That's even more impressive when you consider that the land from Indio to the gulf is what geologists call a rift valley: a crack in the earth that gets deeper as tectonic forces pull its edges away from each other. The Colorado River had to work hard to fill the Salton Trough with Grand Canyon shavings, as the floor of the trough was dropping almost as fast as the Colorado River could fill it. In some places in the Imperial Valley the sediments are 18,000 feet thick or more. That's three times the maximum depth of the Grand Canyon.
And that basement is still dropping out. The floor of the Imperial Valley, currently covered by the Salton Sea, lies at around 260 feet below sea level. Only a 30-foot berm of deposited river sediment near Mexicali keeps the Gulf of California from flowing in to cover the Polo Grounds in Coachella.
A huge amount of that sediment, as I've said, came from carving the Grand Canyon. But the Colorado Delta and Salton Trough also hold sediment from the entire Colorado River basin, which covers almost a quarter million square miles from Wyoming to New Mexico to Southern California. Thousands of different kinds of soils and bedrocks contributed to that sediment, making it incredibly rich in soil nutrients. That means that not only are the delta and Salton Basin very well watered compared to the hundreds of miles of desert all around them, but they're also fertile -- and that means lush and diverse plant growth, which means even better habitat for local wildlife.
By a million years ago or so, the landforms between the Gulf of California and the Coachella Valley looked roughly as they do today, and the Colorado ruled over all. Even in the relatively arid 19th Century the river was feared for its catastrophic floods. 18,000 years ago, fueled by Ice Age snowmelt in the Rockies and more frequent rains in the deserts, the Colorado must have been formidable indeed. Laden with sediment as it entered its nearly level delta complex northeast of present-day Yuma, the Colorado sprayed back and forth across the landscape like a slow-motion firehose, blocking its path with its own sediment and changing its course with some regularity.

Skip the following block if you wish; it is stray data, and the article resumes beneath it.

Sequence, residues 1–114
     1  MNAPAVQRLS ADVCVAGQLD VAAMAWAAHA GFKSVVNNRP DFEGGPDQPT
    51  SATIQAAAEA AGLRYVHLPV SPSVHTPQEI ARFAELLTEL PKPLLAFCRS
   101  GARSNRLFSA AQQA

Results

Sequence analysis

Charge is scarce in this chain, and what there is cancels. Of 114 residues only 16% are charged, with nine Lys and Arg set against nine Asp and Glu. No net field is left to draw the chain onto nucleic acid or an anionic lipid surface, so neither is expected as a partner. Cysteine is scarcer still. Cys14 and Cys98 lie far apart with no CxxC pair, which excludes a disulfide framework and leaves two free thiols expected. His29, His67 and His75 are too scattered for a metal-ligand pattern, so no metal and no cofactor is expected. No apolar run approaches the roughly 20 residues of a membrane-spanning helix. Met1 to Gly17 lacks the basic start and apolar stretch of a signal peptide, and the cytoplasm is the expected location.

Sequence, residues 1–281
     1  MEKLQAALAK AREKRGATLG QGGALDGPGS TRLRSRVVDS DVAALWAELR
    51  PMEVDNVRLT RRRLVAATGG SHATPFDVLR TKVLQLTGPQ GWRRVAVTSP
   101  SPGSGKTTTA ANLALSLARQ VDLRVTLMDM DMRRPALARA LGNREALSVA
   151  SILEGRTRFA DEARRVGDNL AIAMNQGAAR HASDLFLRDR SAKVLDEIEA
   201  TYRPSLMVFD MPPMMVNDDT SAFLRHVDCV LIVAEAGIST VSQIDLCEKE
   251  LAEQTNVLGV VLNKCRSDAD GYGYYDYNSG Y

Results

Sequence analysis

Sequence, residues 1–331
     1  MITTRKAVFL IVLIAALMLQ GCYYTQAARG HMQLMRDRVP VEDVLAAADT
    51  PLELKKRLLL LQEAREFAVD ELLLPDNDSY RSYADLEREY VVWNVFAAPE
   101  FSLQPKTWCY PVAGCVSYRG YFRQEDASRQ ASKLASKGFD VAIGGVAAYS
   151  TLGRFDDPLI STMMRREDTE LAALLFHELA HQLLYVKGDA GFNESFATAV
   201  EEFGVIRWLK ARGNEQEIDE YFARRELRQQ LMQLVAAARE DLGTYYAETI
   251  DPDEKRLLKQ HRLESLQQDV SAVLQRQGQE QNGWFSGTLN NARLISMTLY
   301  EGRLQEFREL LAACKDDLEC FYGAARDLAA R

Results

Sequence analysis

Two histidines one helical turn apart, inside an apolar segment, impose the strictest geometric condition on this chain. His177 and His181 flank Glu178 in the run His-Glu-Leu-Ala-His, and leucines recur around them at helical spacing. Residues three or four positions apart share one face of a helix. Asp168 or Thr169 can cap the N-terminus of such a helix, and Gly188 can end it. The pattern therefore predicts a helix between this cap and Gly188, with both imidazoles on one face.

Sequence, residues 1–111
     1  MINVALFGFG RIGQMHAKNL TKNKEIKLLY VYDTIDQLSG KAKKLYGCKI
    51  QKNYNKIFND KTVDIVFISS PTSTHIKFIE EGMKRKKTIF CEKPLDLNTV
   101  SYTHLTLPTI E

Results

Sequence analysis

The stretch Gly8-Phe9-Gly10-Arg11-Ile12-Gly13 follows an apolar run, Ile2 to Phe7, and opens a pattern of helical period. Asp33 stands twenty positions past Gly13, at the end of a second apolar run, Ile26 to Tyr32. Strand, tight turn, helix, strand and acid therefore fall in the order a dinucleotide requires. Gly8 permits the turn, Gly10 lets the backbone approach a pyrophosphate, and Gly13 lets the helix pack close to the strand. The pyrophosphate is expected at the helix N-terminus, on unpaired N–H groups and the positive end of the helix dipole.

At times, instead of flowing outward into the gulf, the river would bend northwest and flow into the Salton Basin, forming lakes in the Imperial and Coachella Valleys that made the Salton Sea look like a childrens' wading pool. Eventually those lakes would overflow out into the Gulf, and the river would change course again, leaving the remnants of the northern lake to dry up over a few decades. The most recent iteration of that lake, Lake Cahuilla, occupied the Salton Basin until around 1500 A.D. It's uncertain how many times that lake's predecessors filled up and dried out.
So for hundreds of thousands of years, the downhill end of the Colorado River was a 200-mile long complex of freshwater and saltwater wetlands, hypersaline ponds in the process of drying out, and relatively well watered uplands with fertile soil collected from an area the size of France, all surrounded by less hospitable desert stretching for hundreds of miles. It's no surprise that the Colorado Delta complex became incredibly important for wildlife.
Sometimes the river would change course and flow into Ancient Lake Cahuilla, leaving the delta's outflow into the gulf high and dry. That was bad news for the plants and shellfish in the delta that depended on fresh water inflows, but the delta's birds could just pick up and move the 40 or so miles to Lake Cahuilla. Then, when the river changed course again and flowed back out to the Gulf, shorebirds fledged in Indio could head back out to the delta.